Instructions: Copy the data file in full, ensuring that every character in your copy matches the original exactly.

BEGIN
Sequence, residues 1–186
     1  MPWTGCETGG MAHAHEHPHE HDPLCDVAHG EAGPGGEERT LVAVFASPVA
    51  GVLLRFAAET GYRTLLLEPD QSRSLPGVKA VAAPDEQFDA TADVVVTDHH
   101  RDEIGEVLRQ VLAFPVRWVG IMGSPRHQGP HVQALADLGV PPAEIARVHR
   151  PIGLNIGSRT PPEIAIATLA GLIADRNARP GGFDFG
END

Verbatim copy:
Sequence, residues 1–186
     1  MPWTGCETGG MAHAHEHPHE HDPLCDVAHG EAGPGGEERT LVAVFASPVA
    51  GVLLRFAAET GYRTLLLEPD QSRSLPGVKA VAAPDEQFDA TADVVVTDHH
   101  RDEIGEVLRQ VLAFPVRWVG IMGSPRHQGP HVQALADLGV PPAEIARVHR
   151  PIGLNIGSRT PPEIAIATLA GLIADRNARP GGFDFG